In dogs, a predisposition for swimmer syndrome is higher in chondrodystrophic or brachycephalic breeds and, in cats, two cases have been described, a Devon Rex and a crossbreed cat (Fossum et al., 1985; Fossum et al., 1989; Verhoeven et al., 2006).

Normal puppies and kittens are able to stand and walk 10 to 15 days after birth, therefore, clinical signs may be seen as early as the first week of age (Hosgood and Hoskins, 1998; Hoskins, 2001; Yardimci et al., 2009). A definitive diagnosis can be made based on history, clinical signs and radiographic examination (Dumon, 2005; Verhoeven et al., 2006; Burger et al., 2007; Fossum, 2007; Yardimci et al., 2009; Linde-Forsberg, 2010).

A specific treatment protocol has not been documented in any literature, but animals affected by swimmer syndrome with or without complications, should be treated soon after diagnosis. This paper aims to describe the clinical aspects and functional rehabilitation of a successful conservative therapy for swimmer syndrome, which usually affects only one animal in a litter.



Three crossbreed kittens from the same litter, two males and one female, 26 days old, with a history of ambulation difficulties and sternal recumbency were studied. Upon physical examination, all of the kittens appeared to be healthy, but their pelvic and thoracic limbs were extended and diverted laterally (Figure 1). They moved by dragging their limbs, in a movement similar to swimming. All of the kittens exhibited slight thoracic flattening, but no dyspnea or evidence of gene recurvatum. Neurological examination was considered normal. The kittens weighed 320±50grams, were only fed with breast milk, and lived on blankets in a brick cattery. The queen was a primiparous 3-year-old female fed with commercial food.

Thoracic radiography revealed slight thoracic flattening in all kittens, normal bone density, no cardiac or pulmonary involvement, no evidence of pectus excavatum, no sternum abnormality, no signs of osteopetrosis described in affected Dachshunds (Riser and Frankhauser, 1970), and no patellar luxation (Yardimci et al., 2009). No congenital abnormalities of cardiac and pulmonary vasculature were found upon echocardiography, and urinary incontinence was not observed in the female patient, different from the other previously reported cases (Yardimci et al., 2009).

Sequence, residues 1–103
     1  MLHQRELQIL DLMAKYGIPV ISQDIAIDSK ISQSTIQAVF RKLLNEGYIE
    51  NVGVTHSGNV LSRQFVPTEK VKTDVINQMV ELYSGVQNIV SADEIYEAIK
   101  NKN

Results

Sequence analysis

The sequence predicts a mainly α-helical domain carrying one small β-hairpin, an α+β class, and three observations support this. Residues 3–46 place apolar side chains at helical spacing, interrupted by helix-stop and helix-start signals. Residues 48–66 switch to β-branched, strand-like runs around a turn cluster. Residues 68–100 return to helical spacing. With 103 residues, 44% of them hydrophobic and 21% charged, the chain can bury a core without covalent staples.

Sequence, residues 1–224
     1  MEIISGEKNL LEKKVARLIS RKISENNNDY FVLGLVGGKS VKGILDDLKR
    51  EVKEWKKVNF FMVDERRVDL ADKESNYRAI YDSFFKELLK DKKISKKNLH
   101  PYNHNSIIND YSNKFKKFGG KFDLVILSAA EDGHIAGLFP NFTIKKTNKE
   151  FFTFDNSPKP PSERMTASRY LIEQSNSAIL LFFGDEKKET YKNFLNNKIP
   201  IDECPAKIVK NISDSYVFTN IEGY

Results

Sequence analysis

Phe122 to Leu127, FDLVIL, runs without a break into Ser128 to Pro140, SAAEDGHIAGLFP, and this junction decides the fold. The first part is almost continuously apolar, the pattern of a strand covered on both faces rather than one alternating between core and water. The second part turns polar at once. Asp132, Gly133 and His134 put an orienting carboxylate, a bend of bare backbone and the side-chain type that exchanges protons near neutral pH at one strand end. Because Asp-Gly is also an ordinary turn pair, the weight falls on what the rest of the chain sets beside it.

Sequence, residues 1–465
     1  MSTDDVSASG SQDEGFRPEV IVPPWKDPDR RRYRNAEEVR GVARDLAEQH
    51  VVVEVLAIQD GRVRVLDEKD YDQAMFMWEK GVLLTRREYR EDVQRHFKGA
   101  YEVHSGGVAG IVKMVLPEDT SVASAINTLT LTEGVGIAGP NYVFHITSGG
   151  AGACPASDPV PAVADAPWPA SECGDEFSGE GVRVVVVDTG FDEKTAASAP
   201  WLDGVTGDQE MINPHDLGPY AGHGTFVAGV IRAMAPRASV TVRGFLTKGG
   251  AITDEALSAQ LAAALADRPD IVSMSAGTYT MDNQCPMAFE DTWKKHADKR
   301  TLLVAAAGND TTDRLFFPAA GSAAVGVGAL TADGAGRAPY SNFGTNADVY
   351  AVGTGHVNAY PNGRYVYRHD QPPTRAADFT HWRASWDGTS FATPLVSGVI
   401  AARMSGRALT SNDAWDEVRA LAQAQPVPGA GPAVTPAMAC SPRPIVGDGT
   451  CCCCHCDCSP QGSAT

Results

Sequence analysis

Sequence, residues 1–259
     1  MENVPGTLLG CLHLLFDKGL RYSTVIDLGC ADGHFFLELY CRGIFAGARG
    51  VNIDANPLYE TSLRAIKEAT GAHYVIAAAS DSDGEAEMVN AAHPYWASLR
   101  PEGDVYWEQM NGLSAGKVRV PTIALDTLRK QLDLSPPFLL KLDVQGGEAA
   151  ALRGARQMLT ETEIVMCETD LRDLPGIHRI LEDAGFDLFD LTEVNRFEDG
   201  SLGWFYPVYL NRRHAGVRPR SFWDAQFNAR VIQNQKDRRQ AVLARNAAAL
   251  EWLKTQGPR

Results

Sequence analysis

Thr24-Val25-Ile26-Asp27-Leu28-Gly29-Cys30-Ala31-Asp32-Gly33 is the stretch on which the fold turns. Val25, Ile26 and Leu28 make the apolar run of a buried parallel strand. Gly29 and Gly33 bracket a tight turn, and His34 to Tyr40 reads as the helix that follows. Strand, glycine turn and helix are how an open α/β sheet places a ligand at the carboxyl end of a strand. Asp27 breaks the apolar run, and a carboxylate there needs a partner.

For treatment, each animal received sling bandages, as shackles, and bandages on the pelvic limbs, which were kept bent and close to the body (Figure 2). This configuration was maintained for seven days. We didn't use the same treatment in the thoracic limbs to avoid excessive movement restriction. Bandaging started from the toes to the tarsal region, spiraling from lateral to medial over the dorsal aspect of the limb to obtain internal rotation of the paws, as recommended by Verhoeven et al. (2006). Care was taken to prevent ischaemia, oedema or dermatitis, and the bandages were changed every 24 hours. Before bandages were applied, the animals received physical therapy and thermotherapy that aimed to correct the anatomical deformities and strengthen the muscles. Passive flexion, extension and adduction of the tibial-patellofemoral, tibiotarsal and coxofemoral joints were performed for 15 minutes, associated with massage of the cranial tibial, quadriceps and biceps femoris muscles, as recommended by Verhoeven et al. (2006). The kittens were held on a rubber based table in a normal standing position, with the pelvic limbs in adduction while gradually releasing manual support, to promote walking, muscle support and strength. Warm water compresses were applied on the limbs to stimulate arterial hyperaemia, which increases oxygen delivery to tissues and metabolic activity of muscles, as recommended by Millis and Levine (1997) and Clark and McLaughlin (2001).



After seven days of treatment, the kittens were able to adduct both pelvic limbs, and the severe external rotation of the limbs and hyperextension of the tarsal joints had disappeared, and the animals did not exhibit any difficulty to walk, which suggests that the therapy was efficient. The clinical and radiological examination performed after seven days revealed normal functional activity of pelvic and thoracic limbs.